Pennsylvania’s sportsbooks experienced a slowdown in February but still surpassed $500m in wagers for the third consecutive month, while online casinos tallied nearly $80m in revenue in February.
Though February brought largely good news to Pennsylvania, it was still the state’s lowest handle since November while online casino revenue fell behind Michigan, according to PlayPennsylvania.com.
In total, Pennsylvania’s online and retail sportsbooks collected $509.5m in bets, up 54.5% from $329.8m in February 2020, though off from the record $615.3m in bets in January.
“With just 28 days and a schedule with one NFL game, even if that game is the Super Bowl, a pullback from January to February is expected,” said Dustin Gouker, lead analyst for PlayPennsylvania.com. “Pennsylvania remains one of the strongest markets in the US, and March Madness will almost certainly put the state back on the upswing.”
February’s bets produced $16.4m in taxable revenue, up 246.9% from $4.7m in February 2020, yielding $5.6m in state taxes and $327,596 in local share assessments.
The Super Bowl generated $53.6m in wagers alone, but even the largest single game in terms of wagering of the year is not enough to replace a robust NFL schedule. The expected month-over-month dip from January to February will likely keep Pennsylvania from surpassing Nevada as the nation’s No. 2 market, something the Keystone State nearly did in January.
“Pennsylvania continues to post strong results month after month, but Nevada is a more event-driven market so the Super Bowl handle there is typically the nation’s highest,” Gouker said. “But at the current trajectory of both markets, it seems it’s not if but when Pennsylvania will become the nation’s No. 2 market.”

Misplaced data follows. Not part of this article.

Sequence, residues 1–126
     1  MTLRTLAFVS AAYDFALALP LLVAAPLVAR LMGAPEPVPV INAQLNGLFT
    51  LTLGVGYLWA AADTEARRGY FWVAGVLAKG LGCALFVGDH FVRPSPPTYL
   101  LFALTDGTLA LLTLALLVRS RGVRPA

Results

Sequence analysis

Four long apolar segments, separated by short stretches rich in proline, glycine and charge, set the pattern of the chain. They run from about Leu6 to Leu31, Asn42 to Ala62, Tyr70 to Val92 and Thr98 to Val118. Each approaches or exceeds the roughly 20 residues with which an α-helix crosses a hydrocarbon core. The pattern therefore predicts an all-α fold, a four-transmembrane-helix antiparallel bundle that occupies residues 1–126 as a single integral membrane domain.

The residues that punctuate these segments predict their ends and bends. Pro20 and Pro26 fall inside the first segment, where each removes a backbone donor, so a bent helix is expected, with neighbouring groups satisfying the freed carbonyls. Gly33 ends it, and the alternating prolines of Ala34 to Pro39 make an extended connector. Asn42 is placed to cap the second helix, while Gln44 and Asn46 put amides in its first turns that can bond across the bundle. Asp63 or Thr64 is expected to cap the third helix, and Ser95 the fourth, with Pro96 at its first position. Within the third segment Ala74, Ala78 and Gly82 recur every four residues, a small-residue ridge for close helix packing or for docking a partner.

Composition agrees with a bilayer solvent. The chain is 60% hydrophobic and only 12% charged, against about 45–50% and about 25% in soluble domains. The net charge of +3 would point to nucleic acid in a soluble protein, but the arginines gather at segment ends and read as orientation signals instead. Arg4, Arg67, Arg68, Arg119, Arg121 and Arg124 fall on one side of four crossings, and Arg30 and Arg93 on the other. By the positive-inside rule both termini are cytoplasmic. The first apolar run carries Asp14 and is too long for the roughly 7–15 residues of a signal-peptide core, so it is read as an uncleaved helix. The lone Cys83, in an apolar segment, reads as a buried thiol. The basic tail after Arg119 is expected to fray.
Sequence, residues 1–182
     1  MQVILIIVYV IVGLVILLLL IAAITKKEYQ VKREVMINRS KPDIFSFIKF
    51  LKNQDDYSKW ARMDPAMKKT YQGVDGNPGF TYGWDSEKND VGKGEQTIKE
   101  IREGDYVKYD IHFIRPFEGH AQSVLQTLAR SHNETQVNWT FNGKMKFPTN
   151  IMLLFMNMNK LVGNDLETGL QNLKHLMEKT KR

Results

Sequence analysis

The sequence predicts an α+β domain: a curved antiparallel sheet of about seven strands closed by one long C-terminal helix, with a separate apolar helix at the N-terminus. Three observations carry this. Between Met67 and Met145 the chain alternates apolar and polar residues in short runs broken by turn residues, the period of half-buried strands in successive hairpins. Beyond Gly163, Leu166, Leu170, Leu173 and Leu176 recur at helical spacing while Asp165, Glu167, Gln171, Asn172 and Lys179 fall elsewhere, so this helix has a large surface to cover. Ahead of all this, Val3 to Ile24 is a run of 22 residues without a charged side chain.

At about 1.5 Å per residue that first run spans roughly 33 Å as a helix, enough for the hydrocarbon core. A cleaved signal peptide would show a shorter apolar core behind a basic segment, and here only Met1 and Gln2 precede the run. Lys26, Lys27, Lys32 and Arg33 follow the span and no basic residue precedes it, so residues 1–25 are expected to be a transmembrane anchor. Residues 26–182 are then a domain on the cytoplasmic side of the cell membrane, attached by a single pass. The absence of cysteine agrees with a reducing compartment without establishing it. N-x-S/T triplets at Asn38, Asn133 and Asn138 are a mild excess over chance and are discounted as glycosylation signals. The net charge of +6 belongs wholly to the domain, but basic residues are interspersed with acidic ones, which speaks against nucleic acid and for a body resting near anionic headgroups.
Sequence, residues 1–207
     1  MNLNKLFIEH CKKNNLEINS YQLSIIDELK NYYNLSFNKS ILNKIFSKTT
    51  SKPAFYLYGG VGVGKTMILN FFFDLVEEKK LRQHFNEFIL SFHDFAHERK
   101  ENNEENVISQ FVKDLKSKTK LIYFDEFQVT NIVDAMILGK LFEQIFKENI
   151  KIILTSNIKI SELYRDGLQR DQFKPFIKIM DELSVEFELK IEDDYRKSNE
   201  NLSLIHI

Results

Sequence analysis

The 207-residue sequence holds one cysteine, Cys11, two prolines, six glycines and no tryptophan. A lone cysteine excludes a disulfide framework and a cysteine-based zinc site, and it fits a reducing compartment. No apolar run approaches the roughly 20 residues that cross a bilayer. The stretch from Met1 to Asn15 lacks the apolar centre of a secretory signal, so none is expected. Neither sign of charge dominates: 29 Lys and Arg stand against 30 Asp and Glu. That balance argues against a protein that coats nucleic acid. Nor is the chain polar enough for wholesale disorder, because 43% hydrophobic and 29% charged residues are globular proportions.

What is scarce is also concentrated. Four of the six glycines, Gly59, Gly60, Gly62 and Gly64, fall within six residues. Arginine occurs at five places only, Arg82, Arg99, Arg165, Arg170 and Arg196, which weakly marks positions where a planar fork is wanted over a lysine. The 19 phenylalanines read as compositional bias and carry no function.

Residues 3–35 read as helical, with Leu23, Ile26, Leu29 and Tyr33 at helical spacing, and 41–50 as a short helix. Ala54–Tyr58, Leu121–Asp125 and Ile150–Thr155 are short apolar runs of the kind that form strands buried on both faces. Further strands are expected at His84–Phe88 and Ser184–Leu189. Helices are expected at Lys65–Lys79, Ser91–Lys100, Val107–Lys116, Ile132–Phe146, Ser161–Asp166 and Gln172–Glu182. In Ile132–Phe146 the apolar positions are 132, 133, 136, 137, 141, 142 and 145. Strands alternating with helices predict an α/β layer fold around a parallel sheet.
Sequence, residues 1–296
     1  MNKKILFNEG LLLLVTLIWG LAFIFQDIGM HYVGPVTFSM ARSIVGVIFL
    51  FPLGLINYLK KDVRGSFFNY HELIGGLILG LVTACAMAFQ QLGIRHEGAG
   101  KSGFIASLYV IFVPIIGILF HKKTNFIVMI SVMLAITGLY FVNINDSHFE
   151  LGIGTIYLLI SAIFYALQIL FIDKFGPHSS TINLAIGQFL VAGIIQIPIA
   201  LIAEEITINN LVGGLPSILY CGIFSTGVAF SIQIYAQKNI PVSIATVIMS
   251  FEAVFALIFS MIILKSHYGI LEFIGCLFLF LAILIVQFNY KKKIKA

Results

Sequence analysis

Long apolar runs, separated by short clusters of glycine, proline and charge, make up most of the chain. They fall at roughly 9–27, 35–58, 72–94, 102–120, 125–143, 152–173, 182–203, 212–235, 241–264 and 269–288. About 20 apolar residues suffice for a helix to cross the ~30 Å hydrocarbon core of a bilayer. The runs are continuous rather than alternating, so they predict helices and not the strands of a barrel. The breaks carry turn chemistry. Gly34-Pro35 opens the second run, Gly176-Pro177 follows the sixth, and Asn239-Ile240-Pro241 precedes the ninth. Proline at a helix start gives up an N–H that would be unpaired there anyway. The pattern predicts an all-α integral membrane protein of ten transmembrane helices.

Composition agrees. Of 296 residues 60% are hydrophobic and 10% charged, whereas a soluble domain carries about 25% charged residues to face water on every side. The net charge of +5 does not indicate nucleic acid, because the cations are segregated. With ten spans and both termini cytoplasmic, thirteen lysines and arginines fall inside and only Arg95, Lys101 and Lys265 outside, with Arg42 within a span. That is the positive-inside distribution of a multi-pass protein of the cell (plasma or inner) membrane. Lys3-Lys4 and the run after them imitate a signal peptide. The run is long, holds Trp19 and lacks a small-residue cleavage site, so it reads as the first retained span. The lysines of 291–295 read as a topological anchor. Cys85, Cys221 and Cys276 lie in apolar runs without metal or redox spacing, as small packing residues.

Online sports betting produced 92.2%, or $469.7m, of February’s handle, down from 94.3% in January as retail sportsbooks continued to slowly rebound.
FanDuel Sportsbook/Valley Forge Casino led the market with $176.3m in online bets, down from $220.7m in January. Those bets produced $7.3m in taxable revenue. DraftKings/The Meadows was second with $111.7m in bets, down from $143.5m in January, yielding $3m in taxable revenue.
The Barstool-branded Penn National/Hollywood Casino app continues to be a major player, finishing February in third with $65.6m, up from $65m in January. It managed to gross $5.1m in revenue, but heavy promotion led to a $726,040 loss in taxable revenue.
Retail sportsbooks generated a $39.8m handle, up from $35.4m in January. Sportsbooks won $3m on February’s bets. The top retail sportsbook was Rivers-Philadelphia with $7.7m in bets.
“Retail sportsbooks still have some time to go before they are back to normal, but with COVID infections dropping as vaccination levels rise, better days are hopefully not far away,” said Valerie Cross, analyst for PlayPennsylvania.com. “In the online market, though, Barstool continues to make progress, keeping handle steady, but it took a huge promotional spend to do it.”
Online casinos and poker rooms generated $77.8m in gross revenue in February, which was down slightly from $80.4m in January revenue. But that is mostly good news, as online casinos and poker rooms actually raised revenue to $2.8m per day over the 28 days in February from $2.6m per day in January.
The revenue yielded $21m in state taxes and another $10.7m in local share assessments and county grants.
Despite a record for per-day revenue, Pennsylvania is now the third-largest online casino market in the US after Michigan tallied $79.7m in its first full month of online casinos and poker.
“Pennsylvania’s online casinos are in a very good place,” Cross said. “Pennsylvania’s fall to No. 3 says more about Michigan’s rapid ascent than it does about anything in the Keystone State. Online casinos will continue to be a most reliable revenue generator for the state for the foreseeable future.”